From UK's The Guardian. The author is somewhat deluded (or dishonest, as Richard Dawkins claims) to defend the case for theology, but she rightfully quotes Thomas Paine who called this 'subject' "the study of nothing".
Theology is a crucial academic subject
It's failing to make a case for its survival as university cuts bite. But theology's value as an academic discipline is incalculable
Friday 13 August
Bangor University has announced that its school of theology and religious studies will close in 2013, merging with the theology department at the University of Wales Trinity Saint David in a cost-cutting exercise.
With university budget cuts of £200m planned, the loss of the department is unlikely to be an isolated case. At the University of Birmingham's school of philosophy, theology and religion, one of the largest in the UK, up to a third of staff are facing redundancy, while the University of Sheffield's biblical studies department was also threatened with closure last year. Universities are under pressure to make immediate and drastic savings, and theology seems to be failing to make the case for its survival as a discipline worth studying.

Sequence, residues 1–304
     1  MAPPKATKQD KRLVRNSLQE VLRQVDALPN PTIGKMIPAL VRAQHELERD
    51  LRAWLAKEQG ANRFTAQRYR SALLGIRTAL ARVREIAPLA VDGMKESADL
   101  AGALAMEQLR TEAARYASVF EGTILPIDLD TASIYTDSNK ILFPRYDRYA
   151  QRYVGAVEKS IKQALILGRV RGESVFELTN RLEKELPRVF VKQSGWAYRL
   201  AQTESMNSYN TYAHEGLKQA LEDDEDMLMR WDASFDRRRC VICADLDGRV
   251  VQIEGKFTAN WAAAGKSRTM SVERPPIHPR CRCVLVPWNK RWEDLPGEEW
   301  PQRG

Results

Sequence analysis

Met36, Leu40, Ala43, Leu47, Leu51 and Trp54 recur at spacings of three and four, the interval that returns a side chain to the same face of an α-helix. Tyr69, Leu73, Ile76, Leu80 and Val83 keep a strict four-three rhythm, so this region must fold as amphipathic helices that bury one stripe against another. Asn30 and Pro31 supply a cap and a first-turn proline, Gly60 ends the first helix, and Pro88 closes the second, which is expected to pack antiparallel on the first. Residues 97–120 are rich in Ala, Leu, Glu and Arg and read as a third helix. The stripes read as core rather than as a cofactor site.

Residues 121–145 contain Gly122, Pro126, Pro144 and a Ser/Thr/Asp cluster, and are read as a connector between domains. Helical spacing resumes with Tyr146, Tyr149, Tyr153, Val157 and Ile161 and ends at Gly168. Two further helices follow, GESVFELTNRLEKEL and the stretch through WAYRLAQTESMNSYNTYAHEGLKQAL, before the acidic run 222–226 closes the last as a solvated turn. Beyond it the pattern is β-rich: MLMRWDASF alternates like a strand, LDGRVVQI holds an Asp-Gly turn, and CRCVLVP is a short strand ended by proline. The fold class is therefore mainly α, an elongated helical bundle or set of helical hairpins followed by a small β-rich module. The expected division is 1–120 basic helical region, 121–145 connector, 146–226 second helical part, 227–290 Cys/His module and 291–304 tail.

Many will argue that if anything is going to be cut, theology departments are a pretty obvious target. Theology doesn't cure cancer, build skyscrapers or even produce books that anyone in their right mind would want to read. Thomas Paine said that theology "is the study of nothing", while science fiction writer Robert A Heinlein, in a memorable metaphor, likened it to "searching in a dark cellar at midnight for a black cat that isn't there".
Anyone who has grappled with the torturous passages of Thomas Aquinas's Summa Theologica will certainly have some sympathy for this position, and Aquinas's musings on such obscurities as whether a mouse or a dog that eats a consecrated Eucharistic host receives the body of Christ, are certainly not a great argument for the continued public funding of theological education.